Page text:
Thanks largely to its old-timers, India became the second team to reach the semi-finals of this eighth World Cup. From the start Ganguly's side has seemed the most gifted, balanced and purposeful of the subcontinental outfits. Only the Antipodean sides have played as well. Australia romped into the last four and knows that Srinath and company must sooner or later be beaten. When the last Sri Lankan wicket fell at The Wanderers, the Indians raised their arms and rushed to form another huddle. These fellows like each other, which is not always the case in cricket teams from any part of the globe. Dravid jumped for joy. Tendulkar took a tumbling catch and threw the ball into the air. Earlier he had played a measured innings as India's senior players took charge of the match.
For a month cricket has been searching for the team that scrapes through its opening matches and then improves as the tournament moves along. The search is over. India is the team, a side full of youngsters running with the wind and old salts providing shelter in the storm. Ganguly's side has a blend of energy and experience. A fortnight ago disenchanted Indian supporters were stoning the players' houses and breaking their car windows. At least they care. In this dark hour it was the old hands who settled the team down, supporting the captain and turning the side around with resolute performances. Actions always speak louder than words. Here was confirmation that there is more to one-day cricket than is indicated by the hit and giggle description used by critics. Of course, it is an examination of the capabilities and character of team and players.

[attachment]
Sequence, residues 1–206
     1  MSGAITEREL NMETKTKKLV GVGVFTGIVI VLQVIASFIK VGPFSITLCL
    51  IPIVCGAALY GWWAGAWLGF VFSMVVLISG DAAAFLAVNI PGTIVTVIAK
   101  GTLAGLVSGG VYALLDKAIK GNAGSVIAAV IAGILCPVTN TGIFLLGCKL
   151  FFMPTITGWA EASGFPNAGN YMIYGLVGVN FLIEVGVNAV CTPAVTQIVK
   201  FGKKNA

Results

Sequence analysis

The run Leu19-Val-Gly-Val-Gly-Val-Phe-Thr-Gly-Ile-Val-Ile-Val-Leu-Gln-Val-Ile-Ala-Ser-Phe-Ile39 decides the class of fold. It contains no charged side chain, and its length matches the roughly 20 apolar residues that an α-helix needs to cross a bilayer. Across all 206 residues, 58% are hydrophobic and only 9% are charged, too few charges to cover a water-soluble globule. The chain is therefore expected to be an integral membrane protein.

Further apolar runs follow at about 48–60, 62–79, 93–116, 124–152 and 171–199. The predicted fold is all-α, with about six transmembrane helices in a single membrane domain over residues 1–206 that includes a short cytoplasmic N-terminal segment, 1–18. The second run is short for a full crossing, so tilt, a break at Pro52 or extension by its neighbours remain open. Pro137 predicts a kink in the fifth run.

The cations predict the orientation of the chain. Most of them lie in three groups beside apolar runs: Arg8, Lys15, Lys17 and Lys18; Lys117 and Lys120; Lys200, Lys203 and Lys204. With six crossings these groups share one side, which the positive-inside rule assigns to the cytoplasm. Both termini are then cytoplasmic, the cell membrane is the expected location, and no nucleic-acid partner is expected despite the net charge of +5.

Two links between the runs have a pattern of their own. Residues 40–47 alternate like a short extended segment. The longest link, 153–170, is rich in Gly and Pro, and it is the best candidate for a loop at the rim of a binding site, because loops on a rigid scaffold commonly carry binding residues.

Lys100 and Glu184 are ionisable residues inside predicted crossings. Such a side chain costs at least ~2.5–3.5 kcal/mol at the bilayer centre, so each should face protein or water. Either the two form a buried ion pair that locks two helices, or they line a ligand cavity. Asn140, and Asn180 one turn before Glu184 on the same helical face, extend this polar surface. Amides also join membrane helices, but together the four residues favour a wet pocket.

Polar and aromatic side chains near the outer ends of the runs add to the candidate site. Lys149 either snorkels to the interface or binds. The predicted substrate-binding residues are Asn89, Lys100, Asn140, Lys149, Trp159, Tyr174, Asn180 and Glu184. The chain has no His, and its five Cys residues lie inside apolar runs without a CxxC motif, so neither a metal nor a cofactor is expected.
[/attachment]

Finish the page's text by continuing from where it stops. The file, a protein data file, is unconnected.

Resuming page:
Never again will old-timers accept that one-day cricket belongs to the younger brigade. Their bones may creak, they may gasp towards the end of a cross-country run but they persevere and perform. Far from being a celebration of youth as advertised, this World Cup has reminded all and sundry of the eternal verities of the game. By doing so it has served a higher purpose. When it mattered the veterans of this World Cup have put runs on the board and taken wickets. They may have drifted along between tournaments and some added a few pounds in the wrong places, but once the world was watching they sorted themselves out and started to play. They have learnt a thing or two over the years and did not last this long without having a strong competitive instinct. Most realise they will not play in another World Cup. Accordingly they are reaching deep inside in search of their best cricket. Their contributions have enriched the tournament.
Old-timers and the tried and trusted have dominated this World Cup. Meanwhile, the younger brigade have been floundering repeatedly. The salted veterans have raised their game whilst those wet behind the ears have struggled . Apparently, spectators in Australia have observed a similar effect.